the broken window, he spied Scully and waved her out with a

jerk of his rifle. When she hesitated, her hand still

clenched around the cold metal of her gun, the killer


“Time’s up, Dr. Scully. Just lift those pretty, little

hands where I can see `em, nice and slow.”

Scully glanced at the EMT who resembled a deer caught in

headlights. He was petrified, unmoving, incapable of

dodging a bullet at close range. Forcing herself to stay

calm, she relaxed her grip on her gun and lifted her hand

from her pocket.

“You’re in complete control,” she told the killer,

carefully reciting the FBI’s script for hostage

negotiation. Now was the time for protocol, for complete

adherence to the Bureau’s modes and practices.

“Damn straight, I am,” Father Time retorted, “I choose the

moment rather than let it choose me.”

“You can also choose between life and death,” Scully

responded in a modulated tone. “One man is already dead.

Now, you can choose life. The man inside the ambulance is

in need of medical attention. Please let me help him.”

“Can you help this?” Father Time demanded, wriggling his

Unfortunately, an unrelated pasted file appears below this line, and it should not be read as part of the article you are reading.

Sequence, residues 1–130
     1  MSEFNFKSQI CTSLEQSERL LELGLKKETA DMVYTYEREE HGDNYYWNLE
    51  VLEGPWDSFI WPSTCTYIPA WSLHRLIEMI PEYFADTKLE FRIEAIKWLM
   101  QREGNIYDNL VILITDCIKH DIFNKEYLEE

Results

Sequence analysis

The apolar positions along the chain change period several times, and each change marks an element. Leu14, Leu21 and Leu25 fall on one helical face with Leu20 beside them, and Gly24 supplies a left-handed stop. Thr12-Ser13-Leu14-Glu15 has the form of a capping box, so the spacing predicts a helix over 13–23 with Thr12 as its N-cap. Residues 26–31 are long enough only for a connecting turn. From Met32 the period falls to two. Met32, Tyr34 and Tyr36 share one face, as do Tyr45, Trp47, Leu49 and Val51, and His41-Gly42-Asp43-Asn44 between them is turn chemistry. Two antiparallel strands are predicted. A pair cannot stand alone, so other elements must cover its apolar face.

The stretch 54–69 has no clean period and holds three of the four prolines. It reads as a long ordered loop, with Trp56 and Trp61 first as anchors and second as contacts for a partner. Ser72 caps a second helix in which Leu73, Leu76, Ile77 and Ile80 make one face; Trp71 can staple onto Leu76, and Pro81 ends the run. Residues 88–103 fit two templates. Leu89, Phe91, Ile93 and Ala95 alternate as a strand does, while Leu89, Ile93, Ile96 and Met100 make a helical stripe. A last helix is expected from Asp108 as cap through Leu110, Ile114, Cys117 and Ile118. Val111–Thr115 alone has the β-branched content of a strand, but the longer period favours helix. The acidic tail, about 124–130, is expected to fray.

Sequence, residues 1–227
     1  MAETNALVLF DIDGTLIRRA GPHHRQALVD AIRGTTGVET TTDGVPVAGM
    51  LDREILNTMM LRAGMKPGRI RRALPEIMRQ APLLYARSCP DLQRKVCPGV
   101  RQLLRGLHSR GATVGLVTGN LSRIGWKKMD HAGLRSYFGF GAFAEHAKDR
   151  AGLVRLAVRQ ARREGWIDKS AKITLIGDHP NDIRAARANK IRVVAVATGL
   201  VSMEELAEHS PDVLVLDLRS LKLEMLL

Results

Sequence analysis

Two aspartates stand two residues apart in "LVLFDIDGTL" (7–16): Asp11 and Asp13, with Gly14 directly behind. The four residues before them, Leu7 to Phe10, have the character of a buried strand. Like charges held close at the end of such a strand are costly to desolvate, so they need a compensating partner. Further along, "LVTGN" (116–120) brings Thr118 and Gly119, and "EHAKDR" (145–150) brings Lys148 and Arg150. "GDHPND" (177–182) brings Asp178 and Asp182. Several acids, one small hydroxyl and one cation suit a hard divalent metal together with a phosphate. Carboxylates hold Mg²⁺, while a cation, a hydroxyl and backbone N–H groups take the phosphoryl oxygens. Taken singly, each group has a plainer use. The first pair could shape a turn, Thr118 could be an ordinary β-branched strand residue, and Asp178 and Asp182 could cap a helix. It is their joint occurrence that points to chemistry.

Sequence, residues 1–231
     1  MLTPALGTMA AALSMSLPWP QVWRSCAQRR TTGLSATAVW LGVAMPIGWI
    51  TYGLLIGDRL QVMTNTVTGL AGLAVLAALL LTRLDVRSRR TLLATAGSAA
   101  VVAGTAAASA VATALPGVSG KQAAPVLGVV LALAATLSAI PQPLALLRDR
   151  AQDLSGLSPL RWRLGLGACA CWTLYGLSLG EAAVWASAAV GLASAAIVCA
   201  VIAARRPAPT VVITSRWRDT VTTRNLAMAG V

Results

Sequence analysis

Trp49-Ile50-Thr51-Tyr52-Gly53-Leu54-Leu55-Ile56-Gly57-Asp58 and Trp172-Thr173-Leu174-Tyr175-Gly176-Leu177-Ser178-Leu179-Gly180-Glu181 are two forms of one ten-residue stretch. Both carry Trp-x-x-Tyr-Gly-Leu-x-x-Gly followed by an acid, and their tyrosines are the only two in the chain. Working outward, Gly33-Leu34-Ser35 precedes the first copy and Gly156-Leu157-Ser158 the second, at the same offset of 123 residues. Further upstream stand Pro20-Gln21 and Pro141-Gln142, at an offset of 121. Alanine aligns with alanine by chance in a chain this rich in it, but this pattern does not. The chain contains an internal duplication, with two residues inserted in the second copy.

stumps of withered flesh before her eyes. “Dr. Scully,

have you been touched by the hand of God?

Scully cringed away from the man’s sordid breath, his

words summoning a face from her past. She no longer saw

Father Time, but Donnie Pfaster. No wonder her hands were

so cold. From the onset of this investigation, she had

felt the chill of her past. It wasn’t just a foreshadowing

of another monster or a similar pattern of atrocities. It

was the memory of her hands, frozen around her gun. It was

time standing still while her finger pulled the trigger,

again and again…

“Hand of God?” she said in a quivering voice. “No, not

this time.”

“Ten hands, Dr. Scully. I only need two more to complete

the numbers of the clock.”

“Ten?” she gasped.

“I’ve already made a little house call of my own, doctor.